When Poe turned seventeen he attended the University of Virginia. The amount of money John Allan was giving Poe was not enough to cover the universities tuition requirements. One year later, Poe left the University of Virginia due to unfulfilled tuition payments. Some Poe experts say he may have gambled to obtain the debts. Other beliefs are that Poe later spent his two years in the army, in hopes to stay away from debtor’s prison.
David, ashamed of his unsuccessfulness and shadowed by his more famous wife, left her and their now three kids. Eliza, unable to support her three children alone, became a charity case. In October of 1811 she gave up acting when she became seriously ill. On December 8th, 1811, at age 24 Eliza Poe died leaving her three children without homes. Frances Allan, one woman who had been part of the charity helping Eliza, had convinced her husband John Allan to let them take little Edgar in, but they never formally adopted him. John had promised David Poe’s relatives that Edgar would receive a proper and good education.
When Edgar was young his father fleed from the family, leaving Edgar, his mother, and sister alone. At the age of two Edgar's mother died of tuberculosis. Edgar was then placed in a foster home with John and Fanny Allan. When Edgar was fifteen he had enough stories written to publish a book, but his foster father would not allow it. In 1826 Edgar enrolled into the University of Virginia.
He was an actor by profession and a heavy drinker. Edgar was never very close with his older brother, William Henry Leonard Poe, because he had been left with his paternal grandparents around September 1807 for what began as an undetermined amount of time. In July of 1810 David Poe deserted his family and died shortly after. His death was most possibly alcohol elated. Elizabeth was still pregnant with their youngest child, Rosalie, who was born that December, at this time.
A year after his birth David Poe deserted his family. The following year in 1811 his mother died leaving him orphaned. He soon was taken in by the Allan family. John and Frances, who were a childless couple, renamed him Edgar Allan and raised him as their own. Though never legally adopted, Poe traveled to England with the family where he attended good schools until the fall of the tobacco market in London.
He did not have enough money to make ends meet, so he ran up extremely large gambling debts to trying make more money. Then he could not afford to go to school anymore. John Allan refused to pay off Poe's debts, and broke off his engagement to Sarah Elmira Royster. Since Poe had no other means of support, he enlisted in the army. By this time however, he had written and printed his first book, Tammerlane, and Minor Poems (1829).2 After a few months though, John Allan and Poe were reconciled.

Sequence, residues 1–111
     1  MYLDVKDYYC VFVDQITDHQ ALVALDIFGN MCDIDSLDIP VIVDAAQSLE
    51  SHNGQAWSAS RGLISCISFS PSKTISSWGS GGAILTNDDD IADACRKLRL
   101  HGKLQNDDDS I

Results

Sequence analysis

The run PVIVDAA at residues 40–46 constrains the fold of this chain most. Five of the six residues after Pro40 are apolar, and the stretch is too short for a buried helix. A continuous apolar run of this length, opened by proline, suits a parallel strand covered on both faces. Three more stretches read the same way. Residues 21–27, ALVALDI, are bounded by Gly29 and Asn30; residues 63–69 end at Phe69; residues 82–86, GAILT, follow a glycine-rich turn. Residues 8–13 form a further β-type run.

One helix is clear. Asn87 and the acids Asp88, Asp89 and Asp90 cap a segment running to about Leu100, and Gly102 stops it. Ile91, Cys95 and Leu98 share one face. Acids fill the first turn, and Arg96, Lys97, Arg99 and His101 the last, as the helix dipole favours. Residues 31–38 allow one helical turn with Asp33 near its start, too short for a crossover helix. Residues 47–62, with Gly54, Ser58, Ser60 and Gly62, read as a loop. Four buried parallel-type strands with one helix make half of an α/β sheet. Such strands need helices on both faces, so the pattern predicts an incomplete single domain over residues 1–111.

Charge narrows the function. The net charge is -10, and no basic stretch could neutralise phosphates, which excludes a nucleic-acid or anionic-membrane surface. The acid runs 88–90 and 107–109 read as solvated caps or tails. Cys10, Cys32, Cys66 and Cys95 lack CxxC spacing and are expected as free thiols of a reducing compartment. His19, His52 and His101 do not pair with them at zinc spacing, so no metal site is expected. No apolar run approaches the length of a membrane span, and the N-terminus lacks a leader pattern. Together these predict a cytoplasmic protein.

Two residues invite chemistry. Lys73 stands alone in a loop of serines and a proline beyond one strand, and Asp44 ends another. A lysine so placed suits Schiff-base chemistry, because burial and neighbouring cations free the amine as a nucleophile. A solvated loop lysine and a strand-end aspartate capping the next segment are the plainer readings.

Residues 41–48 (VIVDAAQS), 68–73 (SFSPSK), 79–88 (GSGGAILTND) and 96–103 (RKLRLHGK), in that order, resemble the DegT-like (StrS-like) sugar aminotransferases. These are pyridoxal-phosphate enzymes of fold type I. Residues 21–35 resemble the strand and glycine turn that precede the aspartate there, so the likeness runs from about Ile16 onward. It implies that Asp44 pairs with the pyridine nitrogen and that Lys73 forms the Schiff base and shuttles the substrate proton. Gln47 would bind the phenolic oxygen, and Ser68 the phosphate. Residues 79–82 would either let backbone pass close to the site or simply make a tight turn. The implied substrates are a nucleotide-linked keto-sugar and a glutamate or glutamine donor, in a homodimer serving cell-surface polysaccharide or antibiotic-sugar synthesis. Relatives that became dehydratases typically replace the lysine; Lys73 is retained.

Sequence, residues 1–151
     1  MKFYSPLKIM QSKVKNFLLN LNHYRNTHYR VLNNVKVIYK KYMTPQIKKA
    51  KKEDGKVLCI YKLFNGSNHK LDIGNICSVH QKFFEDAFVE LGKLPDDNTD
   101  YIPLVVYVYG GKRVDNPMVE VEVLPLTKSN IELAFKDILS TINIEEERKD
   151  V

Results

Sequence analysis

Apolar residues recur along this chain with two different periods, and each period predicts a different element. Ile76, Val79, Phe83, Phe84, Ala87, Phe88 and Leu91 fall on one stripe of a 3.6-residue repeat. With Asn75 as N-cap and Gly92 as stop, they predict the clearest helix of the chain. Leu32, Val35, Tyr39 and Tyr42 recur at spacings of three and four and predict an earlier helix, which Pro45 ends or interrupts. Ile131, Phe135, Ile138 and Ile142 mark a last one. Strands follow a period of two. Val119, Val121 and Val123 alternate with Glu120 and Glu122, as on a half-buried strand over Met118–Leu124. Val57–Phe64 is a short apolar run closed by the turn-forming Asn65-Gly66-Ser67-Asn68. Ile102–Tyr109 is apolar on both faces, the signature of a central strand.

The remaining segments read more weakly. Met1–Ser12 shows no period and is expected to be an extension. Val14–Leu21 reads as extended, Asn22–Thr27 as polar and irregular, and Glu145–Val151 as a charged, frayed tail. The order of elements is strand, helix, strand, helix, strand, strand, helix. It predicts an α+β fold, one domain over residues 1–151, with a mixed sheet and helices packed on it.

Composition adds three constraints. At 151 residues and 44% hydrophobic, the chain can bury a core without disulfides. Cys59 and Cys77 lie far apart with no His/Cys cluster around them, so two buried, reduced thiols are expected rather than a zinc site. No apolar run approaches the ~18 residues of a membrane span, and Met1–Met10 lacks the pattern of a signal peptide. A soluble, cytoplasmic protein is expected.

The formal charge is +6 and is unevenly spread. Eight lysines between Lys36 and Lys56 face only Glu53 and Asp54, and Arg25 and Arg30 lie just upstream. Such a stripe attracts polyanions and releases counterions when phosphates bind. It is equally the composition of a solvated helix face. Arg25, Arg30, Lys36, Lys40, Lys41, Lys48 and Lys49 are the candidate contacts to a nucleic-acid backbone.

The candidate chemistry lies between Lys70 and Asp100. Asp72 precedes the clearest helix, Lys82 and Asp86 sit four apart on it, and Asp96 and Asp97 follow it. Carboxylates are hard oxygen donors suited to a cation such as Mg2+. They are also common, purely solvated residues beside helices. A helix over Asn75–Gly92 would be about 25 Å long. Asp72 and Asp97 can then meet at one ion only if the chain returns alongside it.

He was a dark poet who also added romance in his stories, while managing to be the captive of his stories and his fantasies too. In Poe’s stories, he began with the art of romance to truth, or just beauty. The drama of his story’s’ settings in the drama of a spectator because he greated and imagined that setting, but that isn’t all Poe could do. Secondly, Edgar Allan Poe’s influence on detective stories made him one of the most amazing authors known today. Eliot proclaims, “As for the prose, it is recognized that Poe’s tales had great influence upon some types of popular fiction” (Eliot 24).
Since his early death, the literary qualities of Poe's writings have been disputed, but his works have remained popular and he influenced many major American and European writers. Born in Boston, Massachusetts, Poe was orphaned in his early childhood and was raised by John Allan, a successful businessman of Richmond, Virginia. Taken by the Allan family to England at the age of six, Poe was enrolled in a private school. Upon returning to the United States in 1820, he continued to study in private schools. He attended the University of Virginia for a year, but in 1827 his foster father, displeased by the young man's drinking and gambling, refused to pay his debts and forced Poe to work as a bookkeeper.
Altercations between the two cultivated into what would be a decade of spite. In 1826, Poe left Richmond to attend the University of Virginia, accumulating significant debt. Allan had sent Poe to college with less than a third of the money he needed, though Allan had enough money to pay for it all, and then some. Being shunned by his father, Poe soon took up gambling to raise money to pay his dues. By the end of his first semester, Poe was so desperate that h... ... middle of paper ... ...rk and measured.
After his mother's death, Poe was taken into the home of his godfather, John Allen, and his wife. It is believed that John continued to abuse Poe as his father did. At the age of seventeen, Poe attended the University of Virginia for a short time. His godfather couldn't afford all of the tuition fees, and Poe resorted to gambling as a means to earn money. From this he accumulated much debt and was forced to drop out of the university.